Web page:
Contemporary thought concerning spirit tends to reflect the modern dichotomy between self and soul. Religion is the realm of priests and ministers, functioning as specialists to advise and aid individuals in a particular area of their lives. Most spiritual teachers seem to participate in this dichotomy, seeing themselves as caretakers of the soul or spirit, and leaving concerns of the self to psychologists. (This view is changing somewhat, but the dichotomy is still the rule) It is interesting in this light to remember that the major religious traditions have developed in such a way that their primary concern is either preparation for the afterlife, in theistic religions, or enlightenment that brings freedom from existence, in Eastern religions. Concern for such matters as the redemption of the present world, as fulfillment and completeness of life, can arguably be seen not to be the primary perspective of the major spiritual traditions.
Inner Journey Home, p. 9
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To understand the poverty of spirit we can remember John of the Cross’ “dark night of the soul.” He divides the dark night into two nights: the night of sense and the night of spirit. The dark night for him means the way of poverty. The dark night for him means the darkness, unknowing, and pain of the poverty as the soul divests herself of all possessions and attachments. He calls it a dark night because it is dark emotionally, difficult and painful, and also dark mentally, difficult to find guidance and clarity about this process.
According to John of the Cross, we need to begin with the night of sense, the stage of poverty related to the external life, the material life and all its mental, emotional, and physical possessions. For him the night of sense is the stage of purification of the soul from her animal nature, from her sensual attachments and desires. When we are relatively comfortable with this level of poverty, we can move to the dark night of spirit, the stage of being poor in spirit, which is purification on the spiritual level, totally emptying the soul and getting her ready for her beloved, her God.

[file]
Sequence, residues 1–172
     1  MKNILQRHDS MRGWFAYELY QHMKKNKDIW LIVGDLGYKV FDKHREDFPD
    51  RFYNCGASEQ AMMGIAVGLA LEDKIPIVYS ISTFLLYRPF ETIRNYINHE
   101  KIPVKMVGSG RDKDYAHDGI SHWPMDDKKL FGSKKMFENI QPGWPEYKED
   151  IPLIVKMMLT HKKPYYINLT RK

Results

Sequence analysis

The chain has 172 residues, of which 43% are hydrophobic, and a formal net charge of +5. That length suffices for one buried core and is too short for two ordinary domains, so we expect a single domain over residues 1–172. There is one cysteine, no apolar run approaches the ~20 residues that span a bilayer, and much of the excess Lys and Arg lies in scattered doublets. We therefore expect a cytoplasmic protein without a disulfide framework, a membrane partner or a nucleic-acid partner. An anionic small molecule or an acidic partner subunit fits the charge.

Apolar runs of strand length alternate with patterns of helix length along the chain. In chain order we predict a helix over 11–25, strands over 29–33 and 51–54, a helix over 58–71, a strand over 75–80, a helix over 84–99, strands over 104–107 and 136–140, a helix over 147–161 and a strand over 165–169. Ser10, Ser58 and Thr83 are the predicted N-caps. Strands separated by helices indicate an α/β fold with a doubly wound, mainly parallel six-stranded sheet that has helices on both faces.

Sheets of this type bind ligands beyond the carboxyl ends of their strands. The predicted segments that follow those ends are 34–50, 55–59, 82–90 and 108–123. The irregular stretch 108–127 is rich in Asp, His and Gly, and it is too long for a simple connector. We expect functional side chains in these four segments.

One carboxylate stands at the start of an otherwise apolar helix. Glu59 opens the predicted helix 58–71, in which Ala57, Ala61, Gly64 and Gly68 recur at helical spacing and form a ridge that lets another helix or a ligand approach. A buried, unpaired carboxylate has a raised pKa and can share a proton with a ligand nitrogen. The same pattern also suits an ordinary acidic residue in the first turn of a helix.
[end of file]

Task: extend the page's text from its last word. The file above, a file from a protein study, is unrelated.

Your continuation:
Diamond Heart Book V, p. 4
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Nonattachment means we have reached a place of realization of true nature or spirit, and experience ourselves as the spirit, which is inherently nonattached. In the Western traditions, the question is looked at from the perspective of soul, not spirit, where soul is the individual total consciousness through which experience happens. It is useful here to recognize the distinction between soul and spirit. But poverty means the soul has learned to recognize that everything she experiences, everything she has, is not hers. All experience is a gift from true nature, from the source of all manifestation. In monotheistic language, the soul recognizes that whatever richness she experiences, whether material or spiritual, comes from God, a gift and grace from him. She owns nothing because there is only one owner. Even her actions and accomplishments are not hers, for without the capacities and qualities that God gives her she won’t be able to do anything.
Diamond Heart Book V, p. 12
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To be poor in spirit ultimately means that we need to be poor in the inner states themselves, the states of realization, the positive states. We need to be poor in love, poor in compassion, poor in intelligence, poor in truth, poor in awareness, poor in existence. But what does this mean? Clearly, as we open up to our nature we begin to experience these things more. Being spiritually poor does not mean that we do not experience spirit, just as being materially poor does not mean we do not have material things. Rather, poverty means that we do not possess spiritual experiences or material things. We realize that we don't own them; when they come, they come, when they go, they go. We do not have them, hold on to them, or take the position that they are ours. We treat them as visitors, as guests.
Diamond Heart Book V, p. 9
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